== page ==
Arms expert: 'Eliminate nukes or they will eliminate us'

Richard Rhodes (photo by Tom Fox)

Independence, Mo. — A leading nuclear arms expert, exploring what he called the dangerous and “logically illogical” world of nuclear weapons, endorsed the Iran nuclear treaty Aug. 9 as a vital step towards moving the world to ban these weapons of mass destruction.

Richard Rhodes, author of the Pulitzer Prize-winning “The Making of the Atomic Bomb” and four other books on nuclear weapons, said the recently signed treaty buys time, slowing nuclear proliferation. “The treaty is a good deal,” he said in a talk that was part of a commemoration ceremony on the 70th anniversary of the U.S. dropping of the atomic bomb on Nagasaki, Japan. That bomb, dubbed “Fat Man,” burned out an entire city, immediately taking some 36,000 lives.

The bombings of Hiroshima and Nagasaki at the end of World War II, Rhodes said, ushered the world into “an unparalleled moment of global danger, one that threatens human life on the planet.”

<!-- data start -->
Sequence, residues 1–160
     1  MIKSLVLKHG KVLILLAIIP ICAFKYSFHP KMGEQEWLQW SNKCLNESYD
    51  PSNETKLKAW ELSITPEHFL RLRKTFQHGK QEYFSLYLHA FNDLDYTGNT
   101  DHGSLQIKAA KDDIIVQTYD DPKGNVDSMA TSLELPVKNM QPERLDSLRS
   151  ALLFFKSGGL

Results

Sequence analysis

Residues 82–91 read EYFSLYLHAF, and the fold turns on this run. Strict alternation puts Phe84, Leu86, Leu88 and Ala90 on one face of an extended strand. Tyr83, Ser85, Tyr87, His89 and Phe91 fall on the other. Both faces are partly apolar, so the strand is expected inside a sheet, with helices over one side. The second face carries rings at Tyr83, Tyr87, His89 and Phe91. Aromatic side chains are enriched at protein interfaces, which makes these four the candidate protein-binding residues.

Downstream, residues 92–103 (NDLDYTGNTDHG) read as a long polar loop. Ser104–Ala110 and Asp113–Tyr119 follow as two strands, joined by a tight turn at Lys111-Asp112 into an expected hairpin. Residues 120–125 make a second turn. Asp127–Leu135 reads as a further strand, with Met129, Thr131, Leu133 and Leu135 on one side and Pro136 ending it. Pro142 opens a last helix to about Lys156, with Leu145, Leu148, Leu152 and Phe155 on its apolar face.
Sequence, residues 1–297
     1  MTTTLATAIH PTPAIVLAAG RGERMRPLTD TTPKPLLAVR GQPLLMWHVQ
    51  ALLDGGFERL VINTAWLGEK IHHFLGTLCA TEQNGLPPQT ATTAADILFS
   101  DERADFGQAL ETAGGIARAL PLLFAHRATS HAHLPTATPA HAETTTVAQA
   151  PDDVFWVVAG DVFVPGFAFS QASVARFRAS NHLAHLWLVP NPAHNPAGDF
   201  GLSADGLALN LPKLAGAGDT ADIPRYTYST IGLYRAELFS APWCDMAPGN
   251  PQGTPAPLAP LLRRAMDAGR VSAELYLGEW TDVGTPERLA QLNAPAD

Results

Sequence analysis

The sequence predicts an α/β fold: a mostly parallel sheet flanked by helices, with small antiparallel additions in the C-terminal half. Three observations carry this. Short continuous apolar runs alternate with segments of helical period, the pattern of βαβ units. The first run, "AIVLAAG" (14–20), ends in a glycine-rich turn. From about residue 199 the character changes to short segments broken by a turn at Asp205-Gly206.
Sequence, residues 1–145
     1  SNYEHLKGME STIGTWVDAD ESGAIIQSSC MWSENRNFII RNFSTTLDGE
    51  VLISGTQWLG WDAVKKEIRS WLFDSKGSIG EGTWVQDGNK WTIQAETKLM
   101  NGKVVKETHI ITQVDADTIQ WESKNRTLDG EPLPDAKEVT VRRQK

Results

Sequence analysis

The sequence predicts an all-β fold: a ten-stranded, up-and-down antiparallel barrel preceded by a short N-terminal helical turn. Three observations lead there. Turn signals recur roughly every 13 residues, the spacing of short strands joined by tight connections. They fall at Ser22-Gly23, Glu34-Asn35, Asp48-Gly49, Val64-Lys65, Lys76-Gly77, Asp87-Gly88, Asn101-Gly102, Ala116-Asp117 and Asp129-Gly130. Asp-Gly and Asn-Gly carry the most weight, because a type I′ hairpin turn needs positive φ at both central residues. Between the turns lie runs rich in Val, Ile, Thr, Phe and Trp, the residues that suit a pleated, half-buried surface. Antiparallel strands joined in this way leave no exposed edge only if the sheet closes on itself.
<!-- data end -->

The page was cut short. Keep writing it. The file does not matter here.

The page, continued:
Nuclear weapons continue to be stockpiled -- some 13,000 worldwide -- based on false thinking, Rhodes said, that they deter war. This is the deterrence theory, Rhodes said. Behind this theory is the notion of “mutual assured destruction,” or, MAD, the idea that no enemy would ever strike first with a nuclear weapon because it would mean certain retaliation. So any use of a nuclear weapon would be suicidal, as Rhodes explained the theory.

Deterrence advocates, Rhodes said, like to cite the fact that deterrence has worked and that nuclear weapons have not been used for 70 years as a result of deterrence. He called this dangerous, misguided and shortsighted thinking.

Rhodes argued that deterrence theory is a “fig leaf” laid over 70 years of “unsustainable dumb luck” and that the real story is one of “close calls, freak accidents and near misses.”

Rhodes attempted to peel back the psychology of building and stockpiling weapons that, if used, would lead to self-annihilation.

He questioned the logic of modernizing nuclear arsenals by making weapons smaller and more precise delivery systems. Such weapons and delivery systems, he said, bring the world perilously closer to crossing the taboo boundary from conventional to nuclear war. Once crossed, he said, most experts agree that an escalation to larger and more deadly nuclear exchanges is almost certainly inevitable.